Tag Archives: wine writing

podcast

Winecast 46: Richard Hemming, MW, and why wine writing isn’t necessarily objective

richard hemming

Richard Hemming, MW

“Why should [consumers] trust us? They shouldn’t, necessarily,” says Singapore-based wine writer

Richard Hemming, MW, a Singapore-based wine writer, wrote one of the most amazing blog posts I’ve ever read: Wine writers can’t be objective given the incestuous nature of the wine business, and consumers need to know that this prevents us from always being objective.

It’s one thing for me to write that, which I’ve been doing as long as there has been a blog. But if Hemming, firmly part of the Winestream Media — initials after his name, consulting work, and articles for important magazines and websites — writes this, it speaks to how messed up wine writing is.

Hemming doesn’t disagree. But he also doesn’t see a solution, since it’s difficult to make a living as a wine writer. So we have to depend on the kindness of strangers, with all of the compromises that entails. In this, Hemming notes, there’s a difference between a compromise, like not writing something that would offend a source, and corruption, such as taking money for a positive review.

Needless to say, I don’t agree. But Hemming’s point is well taken, and he hits on one of the key questions facing post-modern journalism, wine or otherwise: What’s going to replace the ad-supported model that paid for newspaper and magazine reporting in the second half of the 20th century? Because, so far, it isn’t the Internet.

The other thing worth noting? The post was easily the best read on Hemming’s blog, and most of the comments — from wine writers, of course — agreed with him.

Click here to download or stream the podcast, which is about 15 1/2 minutes long and takes up 9 megabytes. Quality is good to very good; I still haven’t figured out how to get the most out of Zoom.

Winebits 647: Responsible drinking, wine sales, wine writing

responsible drinkingThis week’s wine news: We’re not boozing it up during the duration, plus what comes next as the country opens up and a wine writer discusses wine writing and objectivity

Not overindulging: You couldn’t tell from many of the medical warnings we’ve heard over the past couple of months, but a survey last week found that we’re not drinking more than normal during the coronavirus pandemic. Responsiblity.org, a group funded by some of the biggest alcohol companies int the world, says more than six out of 10 Americans are drinking the same or less as before the pandemic – and that includes 11 percent of us who say they’ve stopped drinking entirely. These studies can be unreliable, and that it was paid for by liquor companies gives another reason to wonder. Having said that, the numbers – 35 percent drinking the same, 28 percent less – jive with similar surveys from Nielsen.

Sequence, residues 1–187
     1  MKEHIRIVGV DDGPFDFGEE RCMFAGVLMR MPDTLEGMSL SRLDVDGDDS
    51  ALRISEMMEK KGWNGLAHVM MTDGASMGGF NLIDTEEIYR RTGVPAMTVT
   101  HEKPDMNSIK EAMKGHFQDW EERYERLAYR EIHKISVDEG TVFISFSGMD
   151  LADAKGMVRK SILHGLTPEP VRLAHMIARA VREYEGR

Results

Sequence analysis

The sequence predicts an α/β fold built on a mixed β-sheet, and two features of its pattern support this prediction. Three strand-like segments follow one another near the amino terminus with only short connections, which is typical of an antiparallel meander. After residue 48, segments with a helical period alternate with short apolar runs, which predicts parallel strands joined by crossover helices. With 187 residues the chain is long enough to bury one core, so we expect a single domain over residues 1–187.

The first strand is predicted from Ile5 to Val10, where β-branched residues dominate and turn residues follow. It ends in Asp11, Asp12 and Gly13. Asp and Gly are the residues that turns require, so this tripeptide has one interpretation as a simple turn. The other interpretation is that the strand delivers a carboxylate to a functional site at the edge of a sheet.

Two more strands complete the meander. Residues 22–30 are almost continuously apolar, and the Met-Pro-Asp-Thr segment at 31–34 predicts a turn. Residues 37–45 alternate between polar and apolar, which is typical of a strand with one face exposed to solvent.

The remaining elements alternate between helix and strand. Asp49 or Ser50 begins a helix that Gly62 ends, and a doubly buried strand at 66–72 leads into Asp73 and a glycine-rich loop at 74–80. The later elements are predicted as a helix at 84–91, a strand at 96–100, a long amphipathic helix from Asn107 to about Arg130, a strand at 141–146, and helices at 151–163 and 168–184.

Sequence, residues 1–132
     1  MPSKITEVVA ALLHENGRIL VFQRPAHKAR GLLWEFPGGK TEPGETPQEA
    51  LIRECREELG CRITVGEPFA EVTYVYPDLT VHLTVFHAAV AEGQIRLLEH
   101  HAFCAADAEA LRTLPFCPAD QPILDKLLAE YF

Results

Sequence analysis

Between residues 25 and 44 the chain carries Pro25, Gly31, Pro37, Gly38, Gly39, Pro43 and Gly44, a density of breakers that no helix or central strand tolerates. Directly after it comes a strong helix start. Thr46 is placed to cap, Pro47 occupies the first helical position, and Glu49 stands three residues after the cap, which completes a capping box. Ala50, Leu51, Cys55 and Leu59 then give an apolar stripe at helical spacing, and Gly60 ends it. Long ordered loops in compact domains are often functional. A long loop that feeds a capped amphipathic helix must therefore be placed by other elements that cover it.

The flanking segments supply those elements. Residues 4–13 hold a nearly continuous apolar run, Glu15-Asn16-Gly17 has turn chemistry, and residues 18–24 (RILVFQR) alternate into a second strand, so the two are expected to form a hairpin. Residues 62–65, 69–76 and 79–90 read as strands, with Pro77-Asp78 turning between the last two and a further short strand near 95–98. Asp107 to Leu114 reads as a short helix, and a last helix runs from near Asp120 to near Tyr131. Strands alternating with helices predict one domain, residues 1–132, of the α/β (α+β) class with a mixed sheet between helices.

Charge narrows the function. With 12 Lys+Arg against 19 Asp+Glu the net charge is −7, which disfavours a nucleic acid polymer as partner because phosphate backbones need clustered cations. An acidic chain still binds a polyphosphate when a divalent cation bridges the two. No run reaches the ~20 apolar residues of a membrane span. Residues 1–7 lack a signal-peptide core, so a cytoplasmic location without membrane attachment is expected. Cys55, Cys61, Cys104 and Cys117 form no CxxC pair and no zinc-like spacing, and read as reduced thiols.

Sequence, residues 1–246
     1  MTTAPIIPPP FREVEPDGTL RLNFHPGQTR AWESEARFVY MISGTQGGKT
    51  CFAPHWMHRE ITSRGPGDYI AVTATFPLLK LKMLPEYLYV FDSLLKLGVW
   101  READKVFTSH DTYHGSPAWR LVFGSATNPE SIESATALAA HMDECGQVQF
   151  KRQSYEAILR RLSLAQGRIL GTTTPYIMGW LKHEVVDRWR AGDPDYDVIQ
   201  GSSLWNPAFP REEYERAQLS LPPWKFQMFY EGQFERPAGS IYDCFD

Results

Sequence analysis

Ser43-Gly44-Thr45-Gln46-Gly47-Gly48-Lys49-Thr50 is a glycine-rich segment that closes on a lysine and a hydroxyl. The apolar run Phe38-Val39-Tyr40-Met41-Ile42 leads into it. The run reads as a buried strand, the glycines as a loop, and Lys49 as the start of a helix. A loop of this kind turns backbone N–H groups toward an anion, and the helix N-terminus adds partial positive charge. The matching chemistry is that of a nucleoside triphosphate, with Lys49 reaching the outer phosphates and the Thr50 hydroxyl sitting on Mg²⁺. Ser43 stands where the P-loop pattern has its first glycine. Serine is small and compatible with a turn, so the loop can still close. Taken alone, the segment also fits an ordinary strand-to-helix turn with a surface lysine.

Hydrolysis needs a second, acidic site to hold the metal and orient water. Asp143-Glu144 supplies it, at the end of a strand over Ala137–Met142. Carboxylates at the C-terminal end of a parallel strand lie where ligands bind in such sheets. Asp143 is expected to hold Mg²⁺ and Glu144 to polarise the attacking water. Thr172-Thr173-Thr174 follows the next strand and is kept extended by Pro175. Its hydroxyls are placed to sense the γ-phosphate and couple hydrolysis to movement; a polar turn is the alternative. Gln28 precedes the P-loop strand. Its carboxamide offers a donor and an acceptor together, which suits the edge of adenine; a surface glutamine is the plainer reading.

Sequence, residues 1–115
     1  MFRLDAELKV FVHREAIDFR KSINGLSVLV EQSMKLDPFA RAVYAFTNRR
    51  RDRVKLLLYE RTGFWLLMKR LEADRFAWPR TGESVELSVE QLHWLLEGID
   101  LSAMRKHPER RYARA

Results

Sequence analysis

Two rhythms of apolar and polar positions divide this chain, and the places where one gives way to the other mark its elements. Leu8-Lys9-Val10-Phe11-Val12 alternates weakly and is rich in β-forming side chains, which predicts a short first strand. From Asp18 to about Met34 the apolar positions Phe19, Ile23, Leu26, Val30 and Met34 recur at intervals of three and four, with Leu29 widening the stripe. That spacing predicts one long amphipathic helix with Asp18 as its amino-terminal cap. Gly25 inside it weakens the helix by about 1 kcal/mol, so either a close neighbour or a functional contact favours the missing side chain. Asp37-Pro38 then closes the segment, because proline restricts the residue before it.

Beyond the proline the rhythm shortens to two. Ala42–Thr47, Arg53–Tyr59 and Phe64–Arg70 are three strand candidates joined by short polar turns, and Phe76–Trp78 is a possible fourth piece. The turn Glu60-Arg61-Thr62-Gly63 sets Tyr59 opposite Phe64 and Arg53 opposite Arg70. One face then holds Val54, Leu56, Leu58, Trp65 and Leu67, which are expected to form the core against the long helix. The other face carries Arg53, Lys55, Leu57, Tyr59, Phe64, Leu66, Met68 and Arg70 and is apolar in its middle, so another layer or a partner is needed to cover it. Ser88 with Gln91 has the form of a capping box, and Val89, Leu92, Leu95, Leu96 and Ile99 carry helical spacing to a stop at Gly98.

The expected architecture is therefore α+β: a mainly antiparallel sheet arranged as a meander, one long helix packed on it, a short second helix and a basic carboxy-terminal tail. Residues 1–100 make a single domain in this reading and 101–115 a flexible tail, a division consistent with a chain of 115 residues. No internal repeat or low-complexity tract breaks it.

What will it take? Nielsen reports that alcohol sales will have to continue to grow more than 20 percent to offset losses from closed restaurants during the pandemic. Which isn’t very good news for the wine business, if the Responsibility.org survey is correct. That means, as restaurants open at less than capacity, or don’t open at all, we’ll have to buy more from retail to make up the difference from what we bought in restaurants.

Hardly objective: Richard Hemming, MW, a Singapore-based wine writer, caused a stink in the cyber-ether last week when he wrote that most wine writers aren’t particularly objective and do consumers a disservice. “the wine media is frequently compromised by the close-knit nature of the trade. … The quick answer is money.” The industry has it, whether in samples or trips, and wine writers take those perks. It would be one thing for me to write this – which I do regularly – but that someone with initials after the name put this in print is mind-boggling. I’m trying to set up a podcast with Hemming to talk about this; as soon as we figure out a way to handle the time difference between Singapore and Dallas, I’ll post the podcast.

wine critics

The sixth do-it-yourself wine review

do-it-yourself wine review

I’m really going to have to practice if I ever hope to write as well as this.

The blog’s sixth annual do-it-yourself wine review — what better way to enjoy the duration than to poke fun at wine?

Technology keeps threatening to make wine reviews obsolete, but that doesn’t mean we can’t still revel in the snobbish gibberish that has made them infamous. Hence, the blog’s sixth annual do-it-yourself wine review.